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The realities of IoT production

Makers – the next generation entrepreneurs, individual engineers and tinkerers – tend to be an inspired bunch, driven by creative curiosity to invent or hack the next big thing. They can move ideas relatively easily from the proverbial napkin design to a working prototype. But I’ve found that their passion can often get stalled when their creative ideas meet the hard realities of volume production.

This friction is particularly prevalent with Internet of Things (IoT) innovations. Moving from an inspired IoT idea within the comfort of their small start-up environment to manufacturing a commercially viable product is an enormous leap for which they’re simply not prepared. There are many potential pitfalls when you’re new to product manufacturing.

photo of young man developing product prototype

That’s why I get excited when a maker or startup taps Avnet to bring the next next big thing to the IoT market. We can help even the smallest of startups with integration and assembly by enabling them with access to our global network of integration centers where industry experts build, assemble and test IoT systems either directly or for a contract manufacturer. We allow makers and startups to focus on what they do best: innovating.

This kind of professional integration support is critical for the maker and startup community because moving from a prototype to commercial product often requires dramatic transformation in size, style and functionality. Hardware may enable design, but creativity is usually in the software. It is not uncommon for innovators to start with tools like a Raspberry Pi board to develop proof of concepts sufficient enough to attract financing or investors. Converting that idea into a mass-producible product that people will buy is a whole other matter. Supply chain, manufacturing and testing expertise is required to spec the right components, shrink the size and design out unnecessary functionality.

Take, for example, the small Norwegian startup called Futurehome, whose founders during their university years turned a Maker hobby into a successful full-time business venture by taking advantage of Avnet’s Premier Farnell integration centers1. Their inspiration was to create a simple smart home solution that everyone can use and customize without needing to be a tech genius. Three years later, Futurehome employs more than 15 people, has built a state-of-the-art product, and has teamed up with investors and partners like Avnet to deliver one of the most user friendly smart home systems on the market.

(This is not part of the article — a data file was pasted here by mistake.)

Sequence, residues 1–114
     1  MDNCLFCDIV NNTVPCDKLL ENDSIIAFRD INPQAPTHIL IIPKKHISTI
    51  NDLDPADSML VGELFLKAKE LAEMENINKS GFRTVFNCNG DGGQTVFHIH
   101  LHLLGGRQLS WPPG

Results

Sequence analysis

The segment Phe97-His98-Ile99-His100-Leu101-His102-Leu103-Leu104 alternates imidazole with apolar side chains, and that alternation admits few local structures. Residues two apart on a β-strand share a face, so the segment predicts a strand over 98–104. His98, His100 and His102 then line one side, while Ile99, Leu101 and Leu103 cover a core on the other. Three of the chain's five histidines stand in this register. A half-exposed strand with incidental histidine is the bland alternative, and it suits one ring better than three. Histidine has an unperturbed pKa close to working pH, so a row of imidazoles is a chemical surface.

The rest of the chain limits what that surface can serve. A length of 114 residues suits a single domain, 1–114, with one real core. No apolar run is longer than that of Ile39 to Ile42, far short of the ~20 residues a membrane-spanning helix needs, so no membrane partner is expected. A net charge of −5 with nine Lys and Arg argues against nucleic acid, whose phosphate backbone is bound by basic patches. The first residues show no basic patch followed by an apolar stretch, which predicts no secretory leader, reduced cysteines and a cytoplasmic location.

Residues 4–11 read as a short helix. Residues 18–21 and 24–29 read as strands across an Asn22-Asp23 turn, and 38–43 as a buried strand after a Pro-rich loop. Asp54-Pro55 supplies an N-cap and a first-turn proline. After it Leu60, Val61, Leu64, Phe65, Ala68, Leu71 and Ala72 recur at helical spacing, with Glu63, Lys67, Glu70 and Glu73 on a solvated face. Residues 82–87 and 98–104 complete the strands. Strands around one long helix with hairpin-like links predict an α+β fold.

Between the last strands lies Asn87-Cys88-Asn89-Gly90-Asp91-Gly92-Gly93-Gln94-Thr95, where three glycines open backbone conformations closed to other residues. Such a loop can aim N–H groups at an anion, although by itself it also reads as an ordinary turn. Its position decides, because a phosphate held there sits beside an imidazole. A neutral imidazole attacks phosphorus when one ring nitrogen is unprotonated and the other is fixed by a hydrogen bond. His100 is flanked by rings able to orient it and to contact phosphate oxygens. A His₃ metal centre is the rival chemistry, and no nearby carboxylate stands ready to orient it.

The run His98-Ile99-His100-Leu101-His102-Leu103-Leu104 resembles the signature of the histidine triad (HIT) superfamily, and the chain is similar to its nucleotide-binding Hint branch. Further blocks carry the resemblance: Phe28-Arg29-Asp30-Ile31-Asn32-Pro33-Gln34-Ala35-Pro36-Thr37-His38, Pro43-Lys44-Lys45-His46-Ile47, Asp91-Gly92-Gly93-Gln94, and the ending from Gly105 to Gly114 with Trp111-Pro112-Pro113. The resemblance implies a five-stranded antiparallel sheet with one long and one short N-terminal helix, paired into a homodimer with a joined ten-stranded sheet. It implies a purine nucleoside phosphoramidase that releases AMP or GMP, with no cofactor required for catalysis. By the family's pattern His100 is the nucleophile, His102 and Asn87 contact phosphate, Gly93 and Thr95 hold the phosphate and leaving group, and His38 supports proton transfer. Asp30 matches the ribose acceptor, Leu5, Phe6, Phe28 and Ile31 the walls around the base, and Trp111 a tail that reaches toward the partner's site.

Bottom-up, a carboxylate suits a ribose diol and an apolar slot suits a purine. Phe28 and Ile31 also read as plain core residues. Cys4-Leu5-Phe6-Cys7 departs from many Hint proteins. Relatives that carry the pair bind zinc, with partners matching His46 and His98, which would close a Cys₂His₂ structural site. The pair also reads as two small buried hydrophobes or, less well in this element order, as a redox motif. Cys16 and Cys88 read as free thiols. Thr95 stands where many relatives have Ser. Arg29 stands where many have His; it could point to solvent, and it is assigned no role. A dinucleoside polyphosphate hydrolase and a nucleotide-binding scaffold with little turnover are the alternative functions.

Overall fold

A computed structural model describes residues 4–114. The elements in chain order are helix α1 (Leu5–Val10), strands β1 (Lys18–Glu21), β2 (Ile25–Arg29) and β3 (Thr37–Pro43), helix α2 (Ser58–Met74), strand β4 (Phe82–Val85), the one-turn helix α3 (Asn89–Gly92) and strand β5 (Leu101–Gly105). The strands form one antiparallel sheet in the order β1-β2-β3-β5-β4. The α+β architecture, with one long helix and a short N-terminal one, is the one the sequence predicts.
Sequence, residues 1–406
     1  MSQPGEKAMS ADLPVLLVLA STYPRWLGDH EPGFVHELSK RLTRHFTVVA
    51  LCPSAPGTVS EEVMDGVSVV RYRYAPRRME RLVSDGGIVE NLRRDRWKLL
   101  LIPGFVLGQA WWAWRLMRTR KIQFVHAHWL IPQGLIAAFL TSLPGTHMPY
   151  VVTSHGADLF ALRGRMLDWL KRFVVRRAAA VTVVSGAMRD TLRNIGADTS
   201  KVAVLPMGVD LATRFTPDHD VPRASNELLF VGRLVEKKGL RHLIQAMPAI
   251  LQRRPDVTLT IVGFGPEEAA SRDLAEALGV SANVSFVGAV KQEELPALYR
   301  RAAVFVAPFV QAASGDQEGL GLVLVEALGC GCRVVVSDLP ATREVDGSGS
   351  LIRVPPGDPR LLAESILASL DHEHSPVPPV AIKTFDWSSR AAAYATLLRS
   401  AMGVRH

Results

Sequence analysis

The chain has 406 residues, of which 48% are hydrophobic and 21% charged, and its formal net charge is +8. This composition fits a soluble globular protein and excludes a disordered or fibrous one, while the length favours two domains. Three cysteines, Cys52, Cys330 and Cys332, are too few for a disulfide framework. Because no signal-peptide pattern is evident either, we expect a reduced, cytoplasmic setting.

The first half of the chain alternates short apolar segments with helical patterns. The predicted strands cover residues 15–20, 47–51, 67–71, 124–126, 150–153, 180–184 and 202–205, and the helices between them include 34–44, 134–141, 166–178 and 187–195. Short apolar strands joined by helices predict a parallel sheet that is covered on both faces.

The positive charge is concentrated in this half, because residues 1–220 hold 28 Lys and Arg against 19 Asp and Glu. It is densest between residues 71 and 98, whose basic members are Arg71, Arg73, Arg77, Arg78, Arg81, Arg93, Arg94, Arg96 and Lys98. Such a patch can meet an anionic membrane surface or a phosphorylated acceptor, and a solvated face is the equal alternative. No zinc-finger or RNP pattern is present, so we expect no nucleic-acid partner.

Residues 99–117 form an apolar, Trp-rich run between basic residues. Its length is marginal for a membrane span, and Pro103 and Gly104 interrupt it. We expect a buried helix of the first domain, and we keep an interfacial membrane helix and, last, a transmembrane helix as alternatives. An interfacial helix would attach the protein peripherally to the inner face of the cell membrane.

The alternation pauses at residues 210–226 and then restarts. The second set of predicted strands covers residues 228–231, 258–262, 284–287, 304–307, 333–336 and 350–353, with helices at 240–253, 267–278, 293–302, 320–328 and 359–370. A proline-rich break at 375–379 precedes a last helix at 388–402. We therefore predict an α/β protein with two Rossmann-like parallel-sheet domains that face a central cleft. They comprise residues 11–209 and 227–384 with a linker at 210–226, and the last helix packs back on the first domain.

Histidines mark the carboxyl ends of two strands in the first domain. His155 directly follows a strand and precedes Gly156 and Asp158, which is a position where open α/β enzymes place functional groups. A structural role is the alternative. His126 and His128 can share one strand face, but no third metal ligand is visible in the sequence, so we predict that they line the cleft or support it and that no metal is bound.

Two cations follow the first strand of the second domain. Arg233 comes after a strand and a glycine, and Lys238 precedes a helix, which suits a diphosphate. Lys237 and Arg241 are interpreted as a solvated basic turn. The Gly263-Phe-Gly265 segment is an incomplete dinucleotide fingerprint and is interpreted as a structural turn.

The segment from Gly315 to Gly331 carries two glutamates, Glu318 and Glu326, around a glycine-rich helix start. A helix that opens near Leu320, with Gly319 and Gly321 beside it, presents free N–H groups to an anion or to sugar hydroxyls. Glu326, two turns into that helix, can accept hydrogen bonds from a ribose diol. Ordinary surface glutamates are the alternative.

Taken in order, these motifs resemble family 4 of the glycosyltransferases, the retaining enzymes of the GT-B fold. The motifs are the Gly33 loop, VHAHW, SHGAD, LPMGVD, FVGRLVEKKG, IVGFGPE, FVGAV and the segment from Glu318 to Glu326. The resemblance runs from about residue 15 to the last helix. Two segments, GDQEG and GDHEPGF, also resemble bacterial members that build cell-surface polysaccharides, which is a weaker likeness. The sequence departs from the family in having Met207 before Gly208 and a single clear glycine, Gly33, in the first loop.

Our team was able to help them move their vision to market through all areas of product development including schematics, prototyping, compliance testing and certification, electronic manufacturing, mechanical enclosure and consumer packaging.

The biggest advantage was expertise and mentoring from a single source. This is critical. Trying to stitch together a complex ecosystem of component suppliers, contract manufacturers and distributors is an intimidating challenge that can often take Makers off their creative game.

Instead, we support through every phase of the product lifecycle, from the design and supply to build and deliver. It’s a seamless experience.

A single source partner is even more important when Makers need to take the products globally. Avnet has a global footprint with numerous integration centers in key regions that can convert materials into products and solutions for any given market. We know the business and regulatory landscape of just about every international market in which makers and startups may want to build and sell their products. And we’ve been doing it in large volumes for years. In fact, Avnet currently integrates more than 407,000 technology systems annually.

The Maker movement is democratizing innovation. We are helping deliver on the next big thing in IoT that’s spawning in a Makerspace workshop. We’ll do that by mentoring, supporting and giving them all the resources they need to move swiftly from idea and product concept to volume production.


By Mike Buseman, senior vice president and chief global logistics and operations officer at Avnet, Inc. (NYSE: AVT), a leader in technology distribution. The company designs, supplies, makes and delivers solutions that enable customers to get their products to market anywhere in the world.

1As part of Avnet’s acquisition of Premier Farnell

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